Thoughts of a Rambling Mind

The 2011 season has been a difficult one to sit back and watch develop. With each passing game, questions about the game-day activities leave many wondering. Sunday in CincinnatI, Ohio was not any different.

Cincinnati 23 Cleveland 20.

No moral victories. A loss is a loss and especially tough when the Browns made numerous errors which enabled the Bengals to overcome the Browns.

Sorry boys and girls, but this Browns team simply isn't good enough to make mistakes (on the field and by the head coach) and win a game such as the one today against the Cincinnati Bengals. Despite an effort from the offense long awaited – at times – the Browns offense played its shell game and looked overwhelmed when it mattered most late in the game.

A winning team does not drop multiple passes a game. Successful teams don't make the mental errors this Browns team does. Playing not to lose does not breed confidence on the playing field.

Most teams will not win when the defensive line is in the face of the QB immediately. Most teams would employ an offensive scheme to manipulate the situation and use that pressure to their advantage.

In Cleveland, there is little swaying from the system. With this Browns team, with this head coach, the questionable decisions appear to be the weekly norm, rather than the sporadic complaint.

With that, we'll proceed to some specifics………….

- 4.4 yards per pass attempt. Seriously? This stat alone tells a story as to why this Browns team is as poor a passing team as any in the league. Don't believe me, remove mop-up-time passing numbers in Browns games and realize the ineptitude.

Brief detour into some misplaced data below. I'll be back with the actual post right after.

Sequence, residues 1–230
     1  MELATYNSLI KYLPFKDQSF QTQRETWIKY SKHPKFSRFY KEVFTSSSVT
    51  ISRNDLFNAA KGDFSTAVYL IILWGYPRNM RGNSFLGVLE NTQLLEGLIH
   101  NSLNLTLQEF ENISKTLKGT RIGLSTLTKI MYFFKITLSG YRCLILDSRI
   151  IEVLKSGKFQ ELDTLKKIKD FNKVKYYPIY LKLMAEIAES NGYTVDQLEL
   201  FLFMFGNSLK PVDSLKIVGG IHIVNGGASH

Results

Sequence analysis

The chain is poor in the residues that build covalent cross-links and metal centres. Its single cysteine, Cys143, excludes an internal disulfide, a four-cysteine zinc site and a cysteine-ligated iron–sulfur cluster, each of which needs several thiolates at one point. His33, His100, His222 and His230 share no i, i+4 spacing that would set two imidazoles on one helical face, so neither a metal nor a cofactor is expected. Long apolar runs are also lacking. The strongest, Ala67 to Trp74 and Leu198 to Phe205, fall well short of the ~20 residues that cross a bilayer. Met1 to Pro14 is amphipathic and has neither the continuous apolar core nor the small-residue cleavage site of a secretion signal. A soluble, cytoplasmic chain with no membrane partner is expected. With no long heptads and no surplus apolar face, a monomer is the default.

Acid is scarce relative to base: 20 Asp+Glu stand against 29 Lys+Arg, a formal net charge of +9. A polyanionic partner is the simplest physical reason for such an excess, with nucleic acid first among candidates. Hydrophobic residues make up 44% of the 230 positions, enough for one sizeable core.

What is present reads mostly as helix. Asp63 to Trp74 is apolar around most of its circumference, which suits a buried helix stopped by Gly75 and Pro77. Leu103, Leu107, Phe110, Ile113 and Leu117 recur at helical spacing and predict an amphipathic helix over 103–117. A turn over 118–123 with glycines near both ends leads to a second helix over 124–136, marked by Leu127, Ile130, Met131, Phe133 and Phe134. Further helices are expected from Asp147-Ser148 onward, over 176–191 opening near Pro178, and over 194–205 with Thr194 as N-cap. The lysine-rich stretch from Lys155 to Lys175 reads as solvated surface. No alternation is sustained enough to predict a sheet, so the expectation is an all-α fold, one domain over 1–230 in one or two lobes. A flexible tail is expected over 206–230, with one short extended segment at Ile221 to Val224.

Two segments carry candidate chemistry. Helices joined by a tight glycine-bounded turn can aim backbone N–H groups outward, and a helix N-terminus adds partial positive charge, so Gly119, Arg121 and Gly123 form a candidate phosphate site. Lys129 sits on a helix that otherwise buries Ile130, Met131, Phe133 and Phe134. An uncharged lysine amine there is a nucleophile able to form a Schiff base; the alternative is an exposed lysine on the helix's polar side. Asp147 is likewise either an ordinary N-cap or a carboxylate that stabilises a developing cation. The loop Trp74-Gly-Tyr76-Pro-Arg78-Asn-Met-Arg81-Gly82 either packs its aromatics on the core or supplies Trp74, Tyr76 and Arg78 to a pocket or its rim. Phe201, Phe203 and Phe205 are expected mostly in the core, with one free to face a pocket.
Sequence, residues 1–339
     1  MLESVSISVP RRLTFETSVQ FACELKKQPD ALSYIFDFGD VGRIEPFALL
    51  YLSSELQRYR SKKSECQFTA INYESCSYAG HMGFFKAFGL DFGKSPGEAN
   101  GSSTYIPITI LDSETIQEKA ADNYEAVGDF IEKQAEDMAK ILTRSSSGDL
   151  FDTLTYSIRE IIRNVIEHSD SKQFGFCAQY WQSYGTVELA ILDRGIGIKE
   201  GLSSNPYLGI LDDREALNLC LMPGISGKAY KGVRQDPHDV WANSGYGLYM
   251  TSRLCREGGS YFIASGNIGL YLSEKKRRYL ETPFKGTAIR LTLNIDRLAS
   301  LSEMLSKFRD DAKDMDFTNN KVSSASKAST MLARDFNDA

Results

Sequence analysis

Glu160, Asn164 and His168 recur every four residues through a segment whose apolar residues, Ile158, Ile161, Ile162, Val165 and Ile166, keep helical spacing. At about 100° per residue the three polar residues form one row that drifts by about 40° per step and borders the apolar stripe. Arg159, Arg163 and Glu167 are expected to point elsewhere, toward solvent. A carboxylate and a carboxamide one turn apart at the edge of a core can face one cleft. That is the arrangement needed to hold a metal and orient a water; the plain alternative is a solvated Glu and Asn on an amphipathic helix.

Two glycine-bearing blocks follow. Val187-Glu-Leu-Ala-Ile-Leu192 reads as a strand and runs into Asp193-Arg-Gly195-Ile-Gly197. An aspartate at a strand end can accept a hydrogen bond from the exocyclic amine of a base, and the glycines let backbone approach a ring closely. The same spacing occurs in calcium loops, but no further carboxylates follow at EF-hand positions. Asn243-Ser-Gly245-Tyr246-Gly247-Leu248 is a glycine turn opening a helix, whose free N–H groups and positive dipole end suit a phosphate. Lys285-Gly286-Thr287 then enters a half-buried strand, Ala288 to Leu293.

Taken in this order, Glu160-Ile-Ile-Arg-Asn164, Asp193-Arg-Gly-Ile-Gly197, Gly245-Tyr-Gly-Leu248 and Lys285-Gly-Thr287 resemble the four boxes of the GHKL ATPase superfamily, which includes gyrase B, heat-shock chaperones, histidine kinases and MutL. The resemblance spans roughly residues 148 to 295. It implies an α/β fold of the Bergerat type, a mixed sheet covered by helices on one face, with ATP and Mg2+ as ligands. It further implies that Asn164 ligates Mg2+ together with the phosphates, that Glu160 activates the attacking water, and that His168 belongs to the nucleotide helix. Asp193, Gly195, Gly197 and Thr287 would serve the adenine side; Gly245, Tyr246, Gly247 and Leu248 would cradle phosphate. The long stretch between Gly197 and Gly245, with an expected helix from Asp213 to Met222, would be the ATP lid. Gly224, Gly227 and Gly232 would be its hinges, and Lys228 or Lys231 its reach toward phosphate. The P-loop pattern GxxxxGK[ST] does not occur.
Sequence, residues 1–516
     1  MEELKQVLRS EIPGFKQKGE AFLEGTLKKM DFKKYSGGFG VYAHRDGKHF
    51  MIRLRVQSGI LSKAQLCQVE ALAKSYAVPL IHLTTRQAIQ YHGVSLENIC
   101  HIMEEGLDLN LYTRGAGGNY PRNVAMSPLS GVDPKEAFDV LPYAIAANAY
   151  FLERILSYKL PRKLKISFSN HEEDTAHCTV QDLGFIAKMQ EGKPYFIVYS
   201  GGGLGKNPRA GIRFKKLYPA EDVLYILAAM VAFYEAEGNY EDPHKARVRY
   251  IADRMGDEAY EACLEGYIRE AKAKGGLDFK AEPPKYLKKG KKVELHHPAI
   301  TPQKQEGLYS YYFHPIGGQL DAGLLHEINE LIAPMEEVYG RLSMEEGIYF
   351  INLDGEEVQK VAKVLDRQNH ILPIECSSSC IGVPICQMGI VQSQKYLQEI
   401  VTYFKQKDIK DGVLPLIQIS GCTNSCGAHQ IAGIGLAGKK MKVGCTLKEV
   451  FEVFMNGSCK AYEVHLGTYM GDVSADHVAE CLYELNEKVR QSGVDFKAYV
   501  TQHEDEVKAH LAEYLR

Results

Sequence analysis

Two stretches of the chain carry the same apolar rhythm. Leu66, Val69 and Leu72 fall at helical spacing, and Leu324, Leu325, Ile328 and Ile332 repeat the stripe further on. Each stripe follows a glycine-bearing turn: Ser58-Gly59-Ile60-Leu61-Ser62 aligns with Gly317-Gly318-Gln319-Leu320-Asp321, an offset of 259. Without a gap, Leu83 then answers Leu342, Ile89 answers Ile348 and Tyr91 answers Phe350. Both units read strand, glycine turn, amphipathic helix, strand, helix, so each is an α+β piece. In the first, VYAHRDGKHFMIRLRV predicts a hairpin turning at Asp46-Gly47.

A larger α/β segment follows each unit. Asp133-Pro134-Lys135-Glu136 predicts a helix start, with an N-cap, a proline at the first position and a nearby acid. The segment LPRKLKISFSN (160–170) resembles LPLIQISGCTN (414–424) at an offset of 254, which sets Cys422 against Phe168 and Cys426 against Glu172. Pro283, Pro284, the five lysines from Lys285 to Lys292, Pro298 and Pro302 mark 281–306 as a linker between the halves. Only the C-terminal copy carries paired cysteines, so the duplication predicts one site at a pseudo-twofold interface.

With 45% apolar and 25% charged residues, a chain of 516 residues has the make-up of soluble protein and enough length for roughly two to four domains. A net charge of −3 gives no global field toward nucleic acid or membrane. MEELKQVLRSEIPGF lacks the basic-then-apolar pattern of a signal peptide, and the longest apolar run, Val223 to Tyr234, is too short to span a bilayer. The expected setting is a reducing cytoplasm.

- This Browns offense is incapable of throwing an effective screen pass. Time after time as the Bengals defense simply pinned their ears back and came after McCoy, the screen pass would have been a terrific weapon of choice to beat the defense. On one occasion the Browns attempted a screen and it looked worse than a pee-wee game I witnessed this year.

- Just how many pass attempt down-field were there in the game on Sunday? And, how often did the Browns passing game appear legitimate following the opening Browns series of the game?

If you are looking at one hand and attempting to think back on the game, you're right!

While this may not be the popular choice, I am as skeptical as ever on whether McCoy can truly be a dynamic presence at the QB spot.

While displaying the leadership qualities in communication and toughness, McCoy has a large mountain to climb if he is going to be 'the man' due to some physical short-fall.

It's far too easy to say the protection is poor or the running game is bad. From such at times true issues, McCoy's inaccuracy and inability to attack the second and third level of defense is the most pressing matter......outside of the accuracy.

I hope I'm wrong on McCoy, but the tape doesn't lie. He has five games left to take this team upon his shoulders and achieve, without gimmick.

Then, I watch numerous dropped passes and poor routes run and simply ponder what it all really is when evaluating the Browns offense.

- RB Peyton Hillis returns from a never-ending pulled hamstring. Many as I believe this is Hillis' end-game in Cleveland in attempts to save face and muster value.

RB Montario Hardesty sits as his calf injury just happened to flair-up after hearing he was a go on game-day. RB Chris Ogbonnaya was seldom on the playing field.

Obviously, Hillis was only effective in a straight-line. He lacked an explosive burst, he couldn't cut and wasn't able to drift into the passing game.